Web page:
Much has been made of Harley Quinn (Margot Robbie) and her squeeze The Joker (Jared Leto), who occupy a strange place in the middle of all of this. The focus remains on Harley, which makes for a refreshing reversal, and Robbie absolutely crushes it. But her trashy outfit and periodic objectification sit extremely poorly, and undo a lot of the terrific work the actress does to bring one of comic-dom’s most beloved bad girls to life.

The Joker presents an entirely different issue. Leto is a fantastic actor and from a purely technical perspective, he finds the right sense of menace for the part. But he can’t find the character. Mark Hamill, Heath Ledger, Jack Nicholson, Cesar Romero… all of them brought their own spin to the role and yet all of them were indisputably the Joker. Leto isn’t. He’s a gang-banger with green hair who laughs while he kills people. The actor has the chops but the script just doesn’t give him the right tools to work with.

Furthermore, Suicide Squad reveals an inescapable truth about the character: he plays second fiddle to no one. His status here as a sideshow reminds us how all-encompassing he can (and should) be, how much attention his infernal charisma demands, and how putting him on the undercard does a grave disservice not only to him but to the characters we’re supposed to be paying attention to instead.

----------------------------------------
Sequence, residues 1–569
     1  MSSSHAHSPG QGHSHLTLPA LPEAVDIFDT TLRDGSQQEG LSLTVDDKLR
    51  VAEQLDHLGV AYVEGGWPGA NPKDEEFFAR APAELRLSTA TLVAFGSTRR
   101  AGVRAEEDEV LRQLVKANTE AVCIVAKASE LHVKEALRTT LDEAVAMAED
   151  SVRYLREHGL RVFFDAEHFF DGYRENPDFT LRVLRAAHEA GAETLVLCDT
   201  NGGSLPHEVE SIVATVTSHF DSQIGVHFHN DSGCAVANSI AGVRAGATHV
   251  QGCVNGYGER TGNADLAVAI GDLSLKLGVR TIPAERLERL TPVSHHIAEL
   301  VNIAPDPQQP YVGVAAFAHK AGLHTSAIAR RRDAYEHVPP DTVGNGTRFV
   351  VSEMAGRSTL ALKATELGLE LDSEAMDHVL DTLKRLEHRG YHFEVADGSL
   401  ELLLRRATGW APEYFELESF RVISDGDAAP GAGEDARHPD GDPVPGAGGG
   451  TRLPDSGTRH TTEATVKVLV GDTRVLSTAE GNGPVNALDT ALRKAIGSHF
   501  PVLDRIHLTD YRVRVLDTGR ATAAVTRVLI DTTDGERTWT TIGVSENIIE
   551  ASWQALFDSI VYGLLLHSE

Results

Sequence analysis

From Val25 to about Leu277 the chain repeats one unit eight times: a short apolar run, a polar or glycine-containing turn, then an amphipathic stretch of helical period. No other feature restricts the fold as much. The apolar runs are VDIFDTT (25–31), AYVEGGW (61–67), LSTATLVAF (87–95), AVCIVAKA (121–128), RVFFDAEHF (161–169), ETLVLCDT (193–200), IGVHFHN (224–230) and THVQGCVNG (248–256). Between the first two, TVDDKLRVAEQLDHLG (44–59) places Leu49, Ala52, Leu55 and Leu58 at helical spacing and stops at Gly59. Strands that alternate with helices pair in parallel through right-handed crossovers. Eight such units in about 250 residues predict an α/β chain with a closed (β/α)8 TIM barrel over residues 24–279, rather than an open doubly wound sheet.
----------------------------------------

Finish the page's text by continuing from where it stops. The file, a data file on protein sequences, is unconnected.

These are significant flaws and Suicide Squad ultimately just can’t overcome them. Even if it had, it would still have to deal with a jumble of a story that goes in a thousand directions at once, and too many routine twists and turns to give us anything to hold onto.

That said, director David Ayer possesses the kind of grindhouse energy one needs for a late-summer action picture, and once the mayhem starts in earnest, there’s a fair amount of low-rent fun to be had just watching it all unfold. Suicide Squad also deserves credit for lightening up a little bit after the merciless grimdark of BvS. Comic book fans will find moments to treasure here and there as well. Ben Affleck’s Batman makes a welcome cameo, showing us how much potential he has to really give us something special with the Dark Knight if Warners will only let him. (Seriously, “it wasn’t the cast’s fault” should be the epithet on the DC movie universe’s tombstone.) Robbie is a star on the rise for good reason, and Smith will always be Smith… justifying yet again his status as a perennial headliner. Compared to the almost inconceivable creative failure of BvS, the fitfully entertaining mess here is almost welcome.

But a mess it remains and the problems revealed in the DC movie universe’s earlier films show no signs of going away. Warners simply doesn’t love these characters the way it needs to: pantomiming what they think the fans want instead of truly sharing that love. Like its scruffy protagonists, Suicide Squad moves boldly into the darkness, hoping to find some connections to cling to. Unlike them, it never finds the energy it needs to succeed.



Our Score

By Rob Vaux

A Southern California native, Rob Vaux fell in love with the movies at an early age and has been a professional critic since the year 2000. His work has appeared on Flipside Movie Emporium,, and as well as the Sci-Fi Movie Page. He lives in the heart of surfer country and still defends the Star Wars prequels against all logic and sanity.